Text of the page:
CAS RN: 76-06-2

Environmental Fate

TERRESTRIAL FATE: Based on a classification scheme(1), a Koc value of 81(2) indicates that chloropicrin is expected to have high mobility in soil(SRC). Volatilization of chloropicrin from moist soil surfaces is expected to be an important fate process(SRC) given a Henry's Law constant of 2.05X10-3 atm-cu m/mole(2). Chloropicrin is expected to volatilize from dry soil surfaces(SRC) based upon a vapor pressure of 23.8 mm Hg(3). Half-lives in soil ranging from 0.2 to 4.5 days at 20 deg C(4) suggests that biodegradation is an important environmental fate process in soil(SRC).
AQUATIC FATE: Based on a classification scheme(1), a Koc value of 81(SRC), determined from a structure estimation method(2), indicates that chloropicrin is not expected to adsorb to suspended solids and sediment(SRC). Volatilization from water surfaces is expected(3) based upon a Henry's Law constant of 2.05X10-3 atm-cu m/mole(2). Using this Henry's Law constant and an estimation method(3), volatilization half-lives for a model river and model lake are 4 hours and 5 days, respectively(SRC). According to a classification scheme(4), an estimated BCF of 8(SRC), from its log Kow of 2.09(5) and a regression-derived equation(6), suggests the potential for bioconcentration in aquatic organisms is low(SRC). Chloropicrin photohydrolyzes rapidly in water when exposed to light below 300 nm producing CO2, chloride and nitrate in the presence of air; its half-life in sunlight is about 3 days(7). However, under ambient room light chloropicrin is stable to photodegradation(7). The photooxidation of vapor-phase chloropicrin to form phosgene has also been observed in the field(8). A half-life of 0.5 days in activated sludge(9) suggests that biodegradation may be an important environmental fate process in water(SRC).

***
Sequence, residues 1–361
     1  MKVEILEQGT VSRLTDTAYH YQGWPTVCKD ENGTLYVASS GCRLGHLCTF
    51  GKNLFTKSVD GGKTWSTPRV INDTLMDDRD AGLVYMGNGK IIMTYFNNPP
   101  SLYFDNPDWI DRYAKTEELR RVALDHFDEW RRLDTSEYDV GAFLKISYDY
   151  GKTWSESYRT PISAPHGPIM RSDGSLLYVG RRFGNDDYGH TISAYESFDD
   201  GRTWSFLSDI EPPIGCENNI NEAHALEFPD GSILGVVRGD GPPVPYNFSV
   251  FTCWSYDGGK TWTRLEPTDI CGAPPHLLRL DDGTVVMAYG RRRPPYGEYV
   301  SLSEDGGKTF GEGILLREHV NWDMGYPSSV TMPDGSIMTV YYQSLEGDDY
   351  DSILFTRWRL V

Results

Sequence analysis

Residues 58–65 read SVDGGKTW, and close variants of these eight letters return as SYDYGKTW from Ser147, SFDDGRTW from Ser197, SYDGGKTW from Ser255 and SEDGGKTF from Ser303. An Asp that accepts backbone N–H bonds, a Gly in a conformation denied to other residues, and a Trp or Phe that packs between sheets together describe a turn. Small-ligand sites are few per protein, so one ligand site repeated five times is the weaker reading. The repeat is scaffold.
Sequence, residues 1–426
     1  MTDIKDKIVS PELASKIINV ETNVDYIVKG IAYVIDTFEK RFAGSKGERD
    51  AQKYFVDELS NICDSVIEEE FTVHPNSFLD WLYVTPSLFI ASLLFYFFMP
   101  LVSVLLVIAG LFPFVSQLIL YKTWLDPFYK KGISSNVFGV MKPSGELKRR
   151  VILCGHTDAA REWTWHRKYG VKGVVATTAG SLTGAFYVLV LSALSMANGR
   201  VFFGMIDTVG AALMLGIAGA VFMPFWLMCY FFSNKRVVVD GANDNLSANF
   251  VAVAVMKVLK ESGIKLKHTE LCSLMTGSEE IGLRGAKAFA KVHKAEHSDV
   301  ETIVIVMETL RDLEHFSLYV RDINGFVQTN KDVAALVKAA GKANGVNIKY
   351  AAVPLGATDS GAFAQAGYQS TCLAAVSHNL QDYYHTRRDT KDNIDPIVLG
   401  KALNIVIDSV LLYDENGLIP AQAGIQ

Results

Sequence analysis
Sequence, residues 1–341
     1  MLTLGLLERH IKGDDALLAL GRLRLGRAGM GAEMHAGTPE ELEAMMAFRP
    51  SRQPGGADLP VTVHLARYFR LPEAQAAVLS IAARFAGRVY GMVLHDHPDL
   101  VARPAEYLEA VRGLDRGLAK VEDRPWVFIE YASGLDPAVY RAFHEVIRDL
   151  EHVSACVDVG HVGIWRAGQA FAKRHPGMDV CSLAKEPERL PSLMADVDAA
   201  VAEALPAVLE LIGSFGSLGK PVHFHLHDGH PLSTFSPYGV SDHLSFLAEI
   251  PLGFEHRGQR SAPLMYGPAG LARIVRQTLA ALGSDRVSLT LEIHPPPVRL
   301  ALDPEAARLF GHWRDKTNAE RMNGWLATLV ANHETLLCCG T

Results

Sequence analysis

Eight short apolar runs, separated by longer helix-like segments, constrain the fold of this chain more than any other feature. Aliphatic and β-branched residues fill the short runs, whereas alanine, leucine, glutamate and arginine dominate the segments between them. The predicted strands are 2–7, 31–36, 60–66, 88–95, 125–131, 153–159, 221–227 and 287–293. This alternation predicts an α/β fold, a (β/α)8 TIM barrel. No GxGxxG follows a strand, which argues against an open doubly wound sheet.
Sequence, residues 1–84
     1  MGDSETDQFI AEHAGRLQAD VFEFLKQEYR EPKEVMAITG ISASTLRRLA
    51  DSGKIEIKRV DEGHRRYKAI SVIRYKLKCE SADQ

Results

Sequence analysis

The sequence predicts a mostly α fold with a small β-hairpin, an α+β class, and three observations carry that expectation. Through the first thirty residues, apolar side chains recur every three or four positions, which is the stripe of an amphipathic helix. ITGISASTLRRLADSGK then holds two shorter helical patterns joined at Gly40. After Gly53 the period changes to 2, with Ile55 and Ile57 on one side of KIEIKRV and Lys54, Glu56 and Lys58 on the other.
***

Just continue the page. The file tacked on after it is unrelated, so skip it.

ATMOSPHERIC FATE: According to a model of gas/particle partitioning of semivolatile organic compounds in the atmosphere(1), chloropicrin, which has a vapor pressure of 24 mm Hg at 25 deg C(2), is expected to exist solely as a vapor in the ambient atmosphere. Vapor-phase chloropicrin is degraded in the atmosphere by reaction with photochemically-produced hydroxyl radicals(SRC); the half-life for this reaction in air is estimated to be 120 days(SRC), calculated from its rate constant of 1.3X10-13 cu cm/molecule-sec at 25 deg C(SRC), that was derived using a structure estimation method(3). Chloropicrin absorbs UV light in the 280 to 390 nm range(4) and therefore may be susceptible to direct photolysis(SRC).
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